6. Conclusions

Mimicking aspects of living organisms can produce innovations that address sustainability issues in some cases, but without an understanding of the ecological context of these organisms, such innovations can too easily become simple technological add-ons or substitution materials in conventional buildings. Such solutions also miss an opportunity to examine the possibility of systemic socio-ecological change in the built environment and to re-evaluate the nature of the relationship between people, their built environment, and the ecologies they exist in.
Positive integration with ecosystems leading to a regenerative rather than damaging effect on them in urban contexts may contribute to maintaining biodiversity and the ecosystem services that humans are dependent upon for survival, particularly as the climate continues to change. Such a concept goes beyond encouraging a basic understanding of ecological processes over time. Instead, it is the thorough integration of quantifiable biological ecological knowledge into architecture and urban design for the purpose of altering how buildings fundamentally function in relation to both ecosystems and to each other. Buildings, and indeed whole cities, should be expected to become active contributors to ecosystems and social systems, rather than remaining unresponsive agents of ecosystem degeneration.

Author Contributions

Conceptualization, M.P.Z.; methodology, M.P.Z. and K.H.; software, K.H.; validation, K.H.; formal analysis, K.H.; data curation, K.H.; writing—original draft preparation, M.P.Z. and K.H.; writing—review and editing, M.P.Z.; visualization, M.P.Z. and K.H.; supervision, M.P.Z.; project administration, M.P.Z. All authors have read and agreed to the published version of the manuscript.

Funding

This research received no external funding.

Acknowledgments

We wish to acknowledge the support of Jaco Appleman of Utrecht University for his ongoing support of Katharina Hecht while she was a visiting researcher at Victoria University of Wellington’s School of Architecture working with Maibritt Pedersen Zari.

Conflicts of Interest

The authors declare no conflict of interest.

References

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Figure 1. Potential synergies and trade-off relationships between ecosystem services. Source: [49]. See Table 1 for icon key.
Figure 1. Potential synergies and trade-off relationships between ecosystem services. Source: [49]. See Table 1 for icon key.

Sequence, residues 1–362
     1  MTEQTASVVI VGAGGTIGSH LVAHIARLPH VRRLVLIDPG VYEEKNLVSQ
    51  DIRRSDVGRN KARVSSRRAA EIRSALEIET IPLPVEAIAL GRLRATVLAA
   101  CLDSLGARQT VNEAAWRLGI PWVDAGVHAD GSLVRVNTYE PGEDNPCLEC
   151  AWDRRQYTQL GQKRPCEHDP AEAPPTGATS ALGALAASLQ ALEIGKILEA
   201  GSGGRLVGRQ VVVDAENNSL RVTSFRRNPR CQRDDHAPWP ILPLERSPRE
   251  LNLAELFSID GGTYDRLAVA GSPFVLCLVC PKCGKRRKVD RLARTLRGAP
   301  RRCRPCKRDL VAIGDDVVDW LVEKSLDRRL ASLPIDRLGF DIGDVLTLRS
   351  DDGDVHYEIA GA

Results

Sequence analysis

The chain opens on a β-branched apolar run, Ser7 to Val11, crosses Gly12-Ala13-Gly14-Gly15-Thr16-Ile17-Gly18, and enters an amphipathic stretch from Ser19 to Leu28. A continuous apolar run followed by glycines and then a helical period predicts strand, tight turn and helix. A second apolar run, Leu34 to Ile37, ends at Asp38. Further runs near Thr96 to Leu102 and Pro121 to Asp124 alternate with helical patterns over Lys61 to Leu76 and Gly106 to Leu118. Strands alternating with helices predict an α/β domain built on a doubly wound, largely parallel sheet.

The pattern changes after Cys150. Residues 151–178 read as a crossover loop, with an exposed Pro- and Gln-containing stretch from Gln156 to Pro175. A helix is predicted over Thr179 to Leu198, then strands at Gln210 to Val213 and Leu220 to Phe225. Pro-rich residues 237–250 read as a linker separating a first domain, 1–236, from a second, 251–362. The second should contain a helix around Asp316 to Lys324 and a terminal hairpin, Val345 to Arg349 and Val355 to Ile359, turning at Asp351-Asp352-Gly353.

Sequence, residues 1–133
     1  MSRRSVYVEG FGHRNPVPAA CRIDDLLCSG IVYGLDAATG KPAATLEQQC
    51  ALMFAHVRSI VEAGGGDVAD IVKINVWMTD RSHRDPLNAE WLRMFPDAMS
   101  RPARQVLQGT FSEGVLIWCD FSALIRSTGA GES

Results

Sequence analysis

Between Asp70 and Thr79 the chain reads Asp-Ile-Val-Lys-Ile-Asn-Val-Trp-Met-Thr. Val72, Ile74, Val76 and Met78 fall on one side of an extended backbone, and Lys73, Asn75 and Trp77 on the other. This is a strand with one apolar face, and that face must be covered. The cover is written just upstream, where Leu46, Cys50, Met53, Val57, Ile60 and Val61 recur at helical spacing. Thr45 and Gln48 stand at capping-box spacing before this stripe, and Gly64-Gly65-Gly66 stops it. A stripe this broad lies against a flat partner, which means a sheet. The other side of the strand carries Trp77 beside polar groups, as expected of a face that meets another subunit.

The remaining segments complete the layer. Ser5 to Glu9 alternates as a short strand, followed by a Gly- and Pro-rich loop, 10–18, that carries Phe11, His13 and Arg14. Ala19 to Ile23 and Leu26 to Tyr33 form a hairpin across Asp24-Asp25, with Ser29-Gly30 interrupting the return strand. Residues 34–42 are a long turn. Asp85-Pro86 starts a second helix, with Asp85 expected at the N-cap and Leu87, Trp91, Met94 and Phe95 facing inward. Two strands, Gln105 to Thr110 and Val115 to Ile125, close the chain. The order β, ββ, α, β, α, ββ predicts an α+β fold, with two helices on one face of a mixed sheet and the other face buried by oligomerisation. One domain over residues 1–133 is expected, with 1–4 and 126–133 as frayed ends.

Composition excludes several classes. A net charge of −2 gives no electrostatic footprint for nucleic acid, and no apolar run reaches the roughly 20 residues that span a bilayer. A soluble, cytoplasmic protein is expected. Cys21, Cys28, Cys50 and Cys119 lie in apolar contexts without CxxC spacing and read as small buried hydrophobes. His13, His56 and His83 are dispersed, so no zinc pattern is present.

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Figure 2. Screenshot of the ‘strategies for designing urban ecosystem services’ diagram version 1.0.
Figure 2. Screenshot of the ‘strategies for designing urban ecosystem services’ diagram version 1.0.
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Figure 3. Schematic visualization of inner-circle, or inter-circle relationships line connections (1–9) identified between elements (ecosystem services, subcategories, design strategies, and case studies).
Figure 3. Schematic visualization of inner-circle, or inter-circle relationships line connections (1–9) identified between elements (ecosystem services, subcategories, design strategies, and case studies).
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Figure 4. Selecting or hovering over an element highlights the connects to other elements. Screenshot from the ‘strategies for designing urban ecosystem services’ diagram version 1.0.
Figure 4. Selecting or hovering over an element highlights the connects to other elements. Screenshot from the ‘strategies for designing urban ecosystem services’ diagram version 1.0.
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Table 1. Ecosystem Services.
Table 1. Ecosystem Services.
Supporting Services Biomimetics 05 00018 i001Habitat provisionCultural services Biomimetics 05 00018 i002Aesthetic & artistic inspiration
- Aesthetic value
- Artistic inspiration
Biomimetics 05 00018 i003Nutrient cycling
- Retention of nutrients
- Regulation of biogeochemical cycles
Biomimetics 05 00018 i004Recreation and psychological wellbeing
- Sport
- Outdoor activities
- Tourism
- Socialization
- Relaxation & psychological benefit
Biomimetics 05 00018 i005Species Maintenance Biomimetics 05 00018 i006Sense of place and cultural diversity
- Celebration of cultural diversity/history
- Sense of place
Biomimetics 05 00018 i007Fixation of solar energy Biomimetics 05 00018 i008Spiritual and religious inspiration
Biomimetics 05 00018 i009Soil building
- Soil formation
- Renewal of soil fertility
- Soil quality control
- Soil retention
Biomimetics 05 00018 i010Education and knowledge
- Educational
- Inspiration & innovation
- Cognitive development
- Knowledge building
Regulation Services Biomimetics 05 00018 i011Disturbance prevention
- Noise
- Wave
- Erosion
- Earthquake
- Drought
- Flood/Storm events
- Wind
Provisioning Services Biomimetics 05 00018 i012Provision of fuel and energy
- Water energy
- Wind energy
- Active/passive solar energy
- Human body heat
- Hydrogen energy
- Biomass energy
- Geothermal energy
Biomimetics 05 00018 i013Climate regulation
- UV protection
- Moderation of temperature
- Climate adaptation strategies
- GHG mitigation
Biomimetics 05 00018 i014Provision of fresh water
- Drinking water
- Sanitation
- Irrigation
- Industrial processes
- Recreational
Biomimetics 05 00018 i015Purification
- Water purification
- Soil purification
- Air purification
Biomimetics 05 00018 i016Provision of food
- Small to large scale urban agriculture
Biomimetics 05 00018 i017Decomposition
- Biodegradation
- Material reuse/recycling
- Consumption reduction
Biomimetics 05 00018 i018Biochemicals
- Medicine
- Natural chemicals
Biomimetics 05 00018 i019Biological control
- Control of invasive species
- Disease/pest regulation
Biomimetics 05 00018 i020Raw materials
Biomimetics 05 00018 i021Pollination Biomimetics 05 00018 i022Genetic resources